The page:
AngularJS is an open-source JavaScript framework, maintained by Google, that assists with running single-page applications. Its goal is to augment browser-based applications with model–view–controller (MVC) capability, in an effort to make both development and testing easier.

The Key components for an Angular.js powered application will be :

  • Template : An Angular template is the declarative specification that, along with information from the model and controller, becomes the rendered view that a user sees in the browser. It is the static DOM, containing HTML, CSS, and angular-specific elements and angular-specific element attributes. The Angular elements and attributes direct angular to add behavior and transform the template DOM into the dynamic view DOM.
  • Directives : At a high level, directives are markers on a DOM element (such as an attribute, element name, or CSS class) that tell AngularJS’s HTML compiler to attach a specified behavior to that DOM element or even transform the DOM element and its children. Angular comes with a set of these directives built-in, like ngBind, ngModel, and ngView. Much like you create controllers and services, you can create your own directives for Angular to use. When Angular bootstraps your application, the HTML compiler traverses the DOM matching directives against the DOM elements.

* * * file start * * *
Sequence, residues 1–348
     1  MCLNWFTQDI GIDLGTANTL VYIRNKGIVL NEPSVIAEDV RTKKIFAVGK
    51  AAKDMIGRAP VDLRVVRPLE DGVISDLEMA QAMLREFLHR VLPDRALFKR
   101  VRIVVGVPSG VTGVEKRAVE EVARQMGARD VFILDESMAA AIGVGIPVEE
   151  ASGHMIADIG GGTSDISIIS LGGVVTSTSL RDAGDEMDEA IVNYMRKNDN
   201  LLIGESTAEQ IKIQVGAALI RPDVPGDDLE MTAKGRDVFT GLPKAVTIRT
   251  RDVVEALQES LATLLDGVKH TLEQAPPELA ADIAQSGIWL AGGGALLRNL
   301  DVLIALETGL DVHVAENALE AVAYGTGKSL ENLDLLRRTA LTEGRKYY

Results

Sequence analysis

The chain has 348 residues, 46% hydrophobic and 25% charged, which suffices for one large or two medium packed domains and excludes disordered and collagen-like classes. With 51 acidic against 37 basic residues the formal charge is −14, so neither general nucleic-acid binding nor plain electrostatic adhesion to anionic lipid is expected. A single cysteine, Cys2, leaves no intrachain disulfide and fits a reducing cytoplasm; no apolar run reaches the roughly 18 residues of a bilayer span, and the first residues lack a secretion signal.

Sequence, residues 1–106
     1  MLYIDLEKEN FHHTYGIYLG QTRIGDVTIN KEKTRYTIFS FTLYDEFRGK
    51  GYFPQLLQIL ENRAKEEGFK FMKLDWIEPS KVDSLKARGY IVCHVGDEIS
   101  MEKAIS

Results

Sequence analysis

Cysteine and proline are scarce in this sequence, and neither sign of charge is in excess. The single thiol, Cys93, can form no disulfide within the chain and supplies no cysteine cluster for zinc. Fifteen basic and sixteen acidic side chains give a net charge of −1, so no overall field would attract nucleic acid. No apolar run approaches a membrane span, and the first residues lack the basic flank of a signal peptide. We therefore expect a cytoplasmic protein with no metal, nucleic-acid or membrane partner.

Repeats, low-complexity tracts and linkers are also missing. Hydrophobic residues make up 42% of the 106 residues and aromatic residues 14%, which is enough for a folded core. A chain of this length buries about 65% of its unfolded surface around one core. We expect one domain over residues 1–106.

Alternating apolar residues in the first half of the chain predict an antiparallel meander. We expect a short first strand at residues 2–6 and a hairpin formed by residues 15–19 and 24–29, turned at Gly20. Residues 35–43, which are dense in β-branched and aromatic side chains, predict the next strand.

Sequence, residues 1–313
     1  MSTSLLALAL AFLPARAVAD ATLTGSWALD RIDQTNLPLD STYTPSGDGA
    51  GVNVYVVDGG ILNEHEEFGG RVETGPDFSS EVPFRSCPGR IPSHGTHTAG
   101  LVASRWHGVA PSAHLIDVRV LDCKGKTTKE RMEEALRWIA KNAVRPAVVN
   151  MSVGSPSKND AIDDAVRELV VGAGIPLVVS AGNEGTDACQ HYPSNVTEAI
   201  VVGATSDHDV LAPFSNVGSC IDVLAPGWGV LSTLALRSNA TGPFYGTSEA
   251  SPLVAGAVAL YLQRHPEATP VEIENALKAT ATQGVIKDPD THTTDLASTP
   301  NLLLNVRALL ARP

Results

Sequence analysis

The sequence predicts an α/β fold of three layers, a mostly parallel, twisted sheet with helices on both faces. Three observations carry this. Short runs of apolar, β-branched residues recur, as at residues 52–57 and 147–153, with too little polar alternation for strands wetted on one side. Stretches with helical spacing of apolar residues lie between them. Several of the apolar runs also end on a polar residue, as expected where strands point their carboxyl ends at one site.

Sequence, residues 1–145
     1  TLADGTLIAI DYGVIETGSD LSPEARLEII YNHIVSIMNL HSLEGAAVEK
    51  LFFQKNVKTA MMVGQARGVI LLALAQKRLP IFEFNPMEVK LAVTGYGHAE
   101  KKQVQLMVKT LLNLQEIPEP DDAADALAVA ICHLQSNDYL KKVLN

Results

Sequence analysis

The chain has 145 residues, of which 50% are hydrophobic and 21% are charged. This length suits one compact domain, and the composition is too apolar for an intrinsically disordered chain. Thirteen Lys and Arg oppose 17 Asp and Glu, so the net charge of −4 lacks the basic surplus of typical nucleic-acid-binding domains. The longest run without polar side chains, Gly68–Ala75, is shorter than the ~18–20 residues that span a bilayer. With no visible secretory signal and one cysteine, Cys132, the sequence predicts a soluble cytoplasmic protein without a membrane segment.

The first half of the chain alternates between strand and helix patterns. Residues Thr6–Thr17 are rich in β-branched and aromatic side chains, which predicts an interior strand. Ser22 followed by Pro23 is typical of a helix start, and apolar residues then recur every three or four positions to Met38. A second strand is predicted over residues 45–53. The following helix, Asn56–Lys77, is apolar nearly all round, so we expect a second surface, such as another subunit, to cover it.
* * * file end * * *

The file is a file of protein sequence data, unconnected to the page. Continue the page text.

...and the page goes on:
• Model : A model notifies its associated views and controllers when there has been a change in its state. This notification allows the views to produce updated output, and the controllers to change the available set of commands. A passive implementation of MVC omits these notifications, because the application does not require them or the software platform does not support them.
  • Scope :  A root scope can be retrieved using the $rootScope key from the $injector. Child scopes are created using the $new() method. (Most scopes are created automatically when compiled HTML template is executed.)